Judging by the alignment of the car overall, I can tell off the bat that it hasn’t been in an accident. But if you’re suspicious and can’t tell if it has been in an accident…what you can do is, pull back the carpet inside the trunk and you can check on the frame support. This Miata’s look solid but if you take off the carpet where the spare tire is usually and you see cracks or wrinkles, most probably it has been through a rear-end collision. You may have some weather stripping and even water coming in if the body is not correctly aligned. Also, if you smell mildew in the trunk…that’s a good sign that something might not be right due to a prior accident that has caused some leaking and damage.

Of course, you can also check under the car. Watch the video as I show you the whole bumper support. On the Miata, everything looked cleaned, aligned and whole so that automatically tells me it was never in a rear-end collision.

We also checked out the hood. Sometimes, you can tell if it’s been adjusted by looking at the bolts, on the hinges, look at the inner fenders if it’s been painted or not. Same thing, check on the latch, the frame from underneath the light, check for wrinkles, dents and cracks.

Make sure you watch the video to see how I checked the Mazda Miata out and how you can do exactly the same checking on your car.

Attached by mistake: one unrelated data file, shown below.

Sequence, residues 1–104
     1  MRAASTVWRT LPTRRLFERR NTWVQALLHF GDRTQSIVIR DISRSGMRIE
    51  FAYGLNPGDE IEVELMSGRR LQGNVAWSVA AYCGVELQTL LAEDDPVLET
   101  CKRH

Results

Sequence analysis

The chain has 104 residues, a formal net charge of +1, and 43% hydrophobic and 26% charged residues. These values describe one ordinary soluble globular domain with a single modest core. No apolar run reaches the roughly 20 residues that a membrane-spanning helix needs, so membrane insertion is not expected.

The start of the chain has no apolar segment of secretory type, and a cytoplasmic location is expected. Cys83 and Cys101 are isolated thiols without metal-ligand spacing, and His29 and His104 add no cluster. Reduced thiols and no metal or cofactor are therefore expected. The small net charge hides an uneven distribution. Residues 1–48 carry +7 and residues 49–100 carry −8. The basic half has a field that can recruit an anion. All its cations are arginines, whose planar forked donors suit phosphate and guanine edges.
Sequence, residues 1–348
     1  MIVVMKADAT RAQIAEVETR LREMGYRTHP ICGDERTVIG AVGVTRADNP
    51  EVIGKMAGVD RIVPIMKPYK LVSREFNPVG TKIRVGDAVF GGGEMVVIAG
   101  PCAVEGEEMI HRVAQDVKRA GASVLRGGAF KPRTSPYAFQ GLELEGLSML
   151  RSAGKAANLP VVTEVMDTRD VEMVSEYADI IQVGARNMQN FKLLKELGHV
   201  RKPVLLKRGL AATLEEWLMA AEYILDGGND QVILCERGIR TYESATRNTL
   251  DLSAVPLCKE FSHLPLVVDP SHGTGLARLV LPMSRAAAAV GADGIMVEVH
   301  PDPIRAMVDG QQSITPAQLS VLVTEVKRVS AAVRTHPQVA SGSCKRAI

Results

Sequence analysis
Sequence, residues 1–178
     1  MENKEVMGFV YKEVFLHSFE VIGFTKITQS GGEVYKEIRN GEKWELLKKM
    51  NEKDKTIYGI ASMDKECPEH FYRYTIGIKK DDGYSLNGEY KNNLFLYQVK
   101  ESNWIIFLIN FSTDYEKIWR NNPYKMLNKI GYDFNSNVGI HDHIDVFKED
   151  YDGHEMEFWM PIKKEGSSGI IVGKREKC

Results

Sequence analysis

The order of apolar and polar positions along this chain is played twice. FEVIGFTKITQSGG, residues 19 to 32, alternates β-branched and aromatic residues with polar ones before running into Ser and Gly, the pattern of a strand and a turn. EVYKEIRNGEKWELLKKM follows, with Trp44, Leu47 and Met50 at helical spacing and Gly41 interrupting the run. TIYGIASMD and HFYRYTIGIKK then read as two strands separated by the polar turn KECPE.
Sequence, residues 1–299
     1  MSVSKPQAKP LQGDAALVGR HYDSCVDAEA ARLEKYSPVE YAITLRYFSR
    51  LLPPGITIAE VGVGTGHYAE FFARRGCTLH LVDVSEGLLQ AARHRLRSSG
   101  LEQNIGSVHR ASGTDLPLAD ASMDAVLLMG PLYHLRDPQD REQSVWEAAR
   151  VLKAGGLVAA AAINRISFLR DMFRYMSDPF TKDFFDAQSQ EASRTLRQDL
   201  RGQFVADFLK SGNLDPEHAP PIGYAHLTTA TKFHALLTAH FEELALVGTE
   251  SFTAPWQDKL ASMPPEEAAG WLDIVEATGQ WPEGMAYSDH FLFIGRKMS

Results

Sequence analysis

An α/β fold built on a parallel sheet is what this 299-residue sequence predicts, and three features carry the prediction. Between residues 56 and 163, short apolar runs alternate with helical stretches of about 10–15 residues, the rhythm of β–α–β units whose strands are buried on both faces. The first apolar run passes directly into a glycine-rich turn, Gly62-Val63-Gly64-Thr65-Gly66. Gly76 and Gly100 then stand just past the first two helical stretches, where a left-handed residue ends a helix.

Quite frankly, if your car ever gets into a collision, I can honestly say that most body shops and repair guys out there make crappy jobs. Only about 2-3% of the body shops maybe can really fix the car to where you can’t tell it was in an accident. This is the type of work that I like to do. I used to get Salvaged title cars from auctions all the time. I don’t buy as many Salvaged, damaged cars as I used to but I would do frame repairs on them and get the seamings – you have to be anal about that kind of stuff – once you get your seamings and alignment exactly right, when people look at it, they will never be able to tell that it was in an accident.

Overall, this car has 100% original paint, never in an accident. All we have to do is probably align the driver’s seat door and that’s easy, it’ll take us very quick to fix that and I’ll show it to you in the next videos.

If you’re a DIY guy looking into auto body and painting, customizing your own cars – be sure to check out the LearnAutoBodyAndPaint VIP Training Course.